Patricia Hambrecht of Phillips de Pury & Co. told ARTnews: “The likelihood is that we would not take them for sale, but if we did we would catalogue them in accordance with the guidelines set forth by the authentication board. Obviously the value would be much, much reduced, a fraction of the ’64 boxes,” a reference to the original series created by Warhol for a show at the Stable Gallery in New York.
“The Authentication Board is separate from and independent of the Andy Warhol Catalogue Raisonné, a scholarly project that is documenting all of Warhol’s paintings, sculptures, and drawings,” according to the board’s assistant secretary, Claudia Defendi. There are, however, two overlapping members: Sally King-Nero, curator of drawings and photography at the Warhol Foundation and executive editor of the catalogue raisonné, and Neil Printz, editor of the catalogue raisonné.
The present members of the authentication board, in addition to King-Nero (since 1997) and Printz (since 1995), are Gary Garrels, senior curator of painting and sculpture at the San Francisco Museum of Modern Art (since 2007); Judith Goldman, writer, ARTnews contributing editor, and former curator of prints at the Whitney Museum of American Art (since 2005); and Christoph Heinrich, director of the Denver Art Museum (since 2007).
The authentication board states in its report that “no written documentation has been found that would establish that Warhol authorized the Moderna Museet to produce a set of Brillo Soap Pads boxes in 1968. Given the friendship between Warhol and Hultén, it is possible that a verbal agreement existed between the two. The Authentication Board, however, can neither verify nor invalidate Hultén’s claim.”
The board concluded that Hultén produced two different groups of Brillo boxes. The first group was made during the spring or summer of 1968, after the Moderna Museet exhibition. It consisted of a total of approximately 10 to 15 boxes. These have now been designated by the board as “Stockholm-type” boxes and classified as “exhibition-related copies.” The 105 boxes produced in Malmí in 1990 constitute the second group. These have been designated by the board as “exhibition copies.”
Since the board has uncovered no evidence of an agreement between Hultén and Warhol, many observers are questioning why the board has stopped short of labeling the 1990 boxes fakes and, furthermore, why the 1990 boxes are being kept in the catalogue raisonné, albeit with the new classification.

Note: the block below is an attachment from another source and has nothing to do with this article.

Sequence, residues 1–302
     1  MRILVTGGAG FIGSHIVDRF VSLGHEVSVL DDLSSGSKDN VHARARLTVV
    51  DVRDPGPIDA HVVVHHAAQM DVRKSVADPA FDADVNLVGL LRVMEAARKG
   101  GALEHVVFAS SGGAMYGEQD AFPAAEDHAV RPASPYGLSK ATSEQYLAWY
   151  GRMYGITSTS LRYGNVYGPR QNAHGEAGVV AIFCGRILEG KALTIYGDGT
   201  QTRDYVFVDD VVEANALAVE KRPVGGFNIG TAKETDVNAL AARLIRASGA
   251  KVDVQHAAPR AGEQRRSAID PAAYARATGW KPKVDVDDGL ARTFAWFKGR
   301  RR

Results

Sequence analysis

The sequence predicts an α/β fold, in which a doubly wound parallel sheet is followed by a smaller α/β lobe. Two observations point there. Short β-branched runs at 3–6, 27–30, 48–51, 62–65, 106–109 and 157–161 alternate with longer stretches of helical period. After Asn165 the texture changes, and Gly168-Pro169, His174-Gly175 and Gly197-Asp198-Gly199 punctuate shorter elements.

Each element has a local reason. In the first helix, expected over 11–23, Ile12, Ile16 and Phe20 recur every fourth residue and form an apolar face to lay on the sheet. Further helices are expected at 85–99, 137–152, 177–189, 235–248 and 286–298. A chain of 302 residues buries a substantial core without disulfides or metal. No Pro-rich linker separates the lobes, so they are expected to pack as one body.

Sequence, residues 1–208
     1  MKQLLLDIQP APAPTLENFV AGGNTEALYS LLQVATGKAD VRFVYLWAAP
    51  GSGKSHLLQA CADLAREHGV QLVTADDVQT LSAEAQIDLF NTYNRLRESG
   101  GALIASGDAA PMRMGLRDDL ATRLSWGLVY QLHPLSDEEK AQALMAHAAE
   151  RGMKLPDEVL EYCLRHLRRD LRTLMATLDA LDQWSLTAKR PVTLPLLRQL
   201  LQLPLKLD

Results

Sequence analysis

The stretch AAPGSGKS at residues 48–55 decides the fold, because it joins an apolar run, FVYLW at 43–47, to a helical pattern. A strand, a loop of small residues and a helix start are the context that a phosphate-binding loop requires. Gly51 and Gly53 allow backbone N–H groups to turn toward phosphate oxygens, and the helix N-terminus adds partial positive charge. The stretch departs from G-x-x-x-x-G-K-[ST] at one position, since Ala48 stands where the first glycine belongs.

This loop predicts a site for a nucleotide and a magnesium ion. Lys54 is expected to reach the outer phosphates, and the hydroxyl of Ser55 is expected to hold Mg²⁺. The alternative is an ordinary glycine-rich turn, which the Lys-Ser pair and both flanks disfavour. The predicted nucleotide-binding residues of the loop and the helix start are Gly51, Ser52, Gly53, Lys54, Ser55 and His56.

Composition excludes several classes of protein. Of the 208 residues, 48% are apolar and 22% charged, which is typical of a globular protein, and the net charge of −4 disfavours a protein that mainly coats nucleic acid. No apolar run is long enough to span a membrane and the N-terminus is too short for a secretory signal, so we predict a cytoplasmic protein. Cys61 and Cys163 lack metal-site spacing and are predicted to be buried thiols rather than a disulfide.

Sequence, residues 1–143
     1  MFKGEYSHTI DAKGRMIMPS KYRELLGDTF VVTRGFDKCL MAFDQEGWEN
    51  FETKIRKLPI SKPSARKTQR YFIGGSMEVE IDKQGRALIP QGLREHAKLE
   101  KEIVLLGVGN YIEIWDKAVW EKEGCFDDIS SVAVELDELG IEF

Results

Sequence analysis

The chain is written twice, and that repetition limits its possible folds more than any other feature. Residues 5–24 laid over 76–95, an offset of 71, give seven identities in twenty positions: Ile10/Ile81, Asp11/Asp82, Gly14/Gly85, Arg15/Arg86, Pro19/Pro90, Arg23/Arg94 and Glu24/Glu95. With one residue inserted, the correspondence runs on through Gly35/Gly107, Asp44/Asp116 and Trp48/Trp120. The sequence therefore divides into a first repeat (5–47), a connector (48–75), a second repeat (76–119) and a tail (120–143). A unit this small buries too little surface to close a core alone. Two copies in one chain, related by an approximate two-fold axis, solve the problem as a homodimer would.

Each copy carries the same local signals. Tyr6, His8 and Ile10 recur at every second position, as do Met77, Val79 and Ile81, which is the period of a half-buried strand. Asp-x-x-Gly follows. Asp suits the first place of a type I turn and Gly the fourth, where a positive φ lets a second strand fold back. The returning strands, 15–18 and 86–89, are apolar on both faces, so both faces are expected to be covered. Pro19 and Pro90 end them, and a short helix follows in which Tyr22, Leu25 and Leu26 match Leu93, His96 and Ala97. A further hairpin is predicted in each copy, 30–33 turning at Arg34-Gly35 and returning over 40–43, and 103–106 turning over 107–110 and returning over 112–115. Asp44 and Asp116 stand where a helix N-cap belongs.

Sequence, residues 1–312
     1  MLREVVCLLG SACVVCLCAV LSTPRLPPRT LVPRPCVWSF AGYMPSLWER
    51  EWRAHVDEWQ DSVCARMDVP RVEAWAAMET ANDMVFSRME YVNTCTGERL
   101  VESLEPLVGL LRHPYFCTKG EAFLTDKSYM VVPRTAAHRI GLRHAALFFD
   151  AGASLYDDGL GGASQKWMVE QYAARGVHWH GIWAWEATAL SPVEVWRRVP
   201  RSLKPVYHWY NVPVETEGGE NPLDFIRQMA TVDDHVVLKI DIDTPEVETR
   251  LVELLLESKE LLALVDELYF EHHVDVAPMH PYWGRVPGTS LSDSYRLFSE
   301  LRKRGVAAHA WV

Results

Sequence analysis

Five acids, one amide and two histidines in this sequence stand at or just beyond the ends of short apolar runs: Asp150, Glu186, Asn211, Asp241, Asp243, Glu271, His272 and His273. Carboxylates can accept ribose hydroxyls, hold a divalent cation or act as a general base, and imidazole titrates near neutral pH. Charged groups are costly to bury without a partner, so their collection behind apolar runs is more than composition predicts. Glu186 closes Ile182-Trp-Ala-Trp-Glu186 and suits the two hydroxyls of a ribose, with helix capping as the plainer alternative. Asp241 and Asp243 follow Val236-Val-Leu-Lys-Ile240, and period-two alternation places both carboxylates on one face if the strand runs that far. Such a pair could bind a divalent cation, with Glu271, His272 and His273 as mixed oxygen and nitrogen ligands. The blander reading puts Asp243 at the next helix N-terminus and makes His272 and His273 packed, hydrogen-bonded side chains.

In an e-mail to ARTnews, Printz repeated that the possibility of a verbal authorization by Warhol “cannot be conclusively ruled out.” He added, “As the Time Capsules at the Andy Warhol Museum in Pittsburgh are inventoried… we have been systematically reviewing them for any information that might pertain to these works.” The time capsules are 610 cardboard cartons in which Warhol stored correspondence, old magazines and newspapers, gift
s, business records, and all kinds of ephemera.
The Moderna Museet didn’t wait for the board to issue its report before taking action. After conducting its own research into Hultén’s activities, the museum struck from its collection the six 1990 Brillo boxes Hultén had donated in 1995, according to Lars Nittve, director at the time.
San Francisco collectors Vicki and Kent Logan gave one of these boxes to the San Francisco Museum of Modern Art as a fractional and promised gift. Asked whether the San Francisco museum would follow the Moderna Museet’s example and strike the Logans’ Brillo box from its collection, museum spokeswoman Robyn Wise originally referred ARTnews to the authentication board.
The board “does not provide guidance or advice to individual collectors, museums, galleries, and auction houses,” Defendi wrote in an e-mail.
In response to a second query from ARTnews about the status of the work, Wise wrote, “We have received the report and are still considering it. It will take some time to fully determine our response.”
The authentication board uses a letter system to convey its opinion of a work it examines: “A” designates a work considered authentic, “B” means it has been deemed inauthentic, “C” means that the board is unable to render an opinion. ARTnews asked the board which rating the 1990 Malmí boxes would receive and what the rationale would be.